This can be a hard one. Plant seeds in others. What does this mean? I’m sure you have heard the principle of sowing and reaping. Sow seeds of love and service in others. Focus some part of the day on others. That may be through celebrating your mom or volunteering. Or that may be by simply texting your friends who have children that are a part of your TTC Support Tribe and letting them know how thankful you are for them and how wonderful they are as a mom. If you don’t have friends or family that know about your fertility journey, this would be a perfect time to invite select people into the journey with you. That can be as simple as a text that says, “My dream is to be a mom and celebrate Mother’s Day. We have been trying, but are having a hard time. We are about to….. Would you pray for us and be a part of our support team during this difficult season?”
If you need to cry or grieve, do it--- but don’t stay there all day. Use Mother’s Day as a time to refocus with your spouse where you are at on the journey, where you want to go, and what you are willing to do or not do to get there. Get yourself in the position to move forward, whether that is taking a break, trying something new, going a different route, or continuing on the path you have been going with a faith-filled and positive outlook.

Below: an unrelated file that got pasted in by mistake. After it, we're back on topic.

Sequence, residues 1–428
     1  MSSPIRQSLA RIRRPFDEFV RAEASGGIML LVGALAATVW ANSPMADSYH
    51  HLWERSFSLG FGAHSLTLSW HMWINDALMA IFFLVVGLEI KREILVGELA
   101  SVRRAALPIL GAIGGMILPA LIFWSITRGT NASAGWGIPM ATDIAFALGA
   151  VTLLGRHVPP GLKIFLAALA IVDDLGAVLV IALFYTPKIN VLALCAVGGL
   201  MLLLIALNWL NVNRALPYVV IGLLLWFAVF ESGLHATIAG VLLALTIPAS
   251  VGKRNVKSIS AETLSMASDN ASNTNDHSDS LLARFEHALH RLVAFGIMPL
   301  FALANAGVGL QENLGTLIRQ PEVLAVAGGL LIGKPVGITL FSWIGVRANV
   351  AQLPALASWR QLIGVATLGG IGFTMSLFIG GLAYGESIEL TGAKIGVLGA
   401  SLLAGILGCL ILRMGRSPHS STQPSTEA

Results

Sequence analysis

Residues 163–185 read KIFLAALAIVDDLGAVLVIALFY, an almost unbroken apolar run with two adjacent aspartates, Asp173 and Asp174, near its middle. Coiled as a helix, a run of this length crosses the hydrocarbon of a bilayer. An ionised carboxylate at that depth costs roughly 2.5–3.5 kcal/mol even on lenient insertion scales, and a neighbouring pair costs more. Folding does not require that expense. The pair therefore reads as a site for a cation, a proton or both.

With so much of the fertility journey being out of your control, these are some simple things that you can do to help you deal with what can be the extra-tough days like Mother’s Day. In all of it, try to give grace and mercy to others. If you can, expect people to not “get it.” This can help to lessen the blow of the stupid or insensitive comments. Most people aren’t intentionally being rude or insensitive, they just truly don’t know or don’t know what to say or not say. Of course, there are the occasional rude people and those that intentionally rub salt in the wound. These are not the people to be with on Mother’s Day or invite into your fertility journey.
Surround yourself with love, support, joy and peace. That will look different for everyone, but it will start with you. Be kind to yourself on Mother’s Day and every day.
A Free Gift: For those of you who have family and friends that you want to ask to join you on the fertility journey or they have expressed that they don’t know how to support you through this season, here is a free gift The Girlfriend’s Guide to Infertility & Loss. This guide will give tips for how loved one’s can support you better.
Tiffany Jo Baker is a 3x surrogate, writer, speaker and Couples Life & Fertility support coach.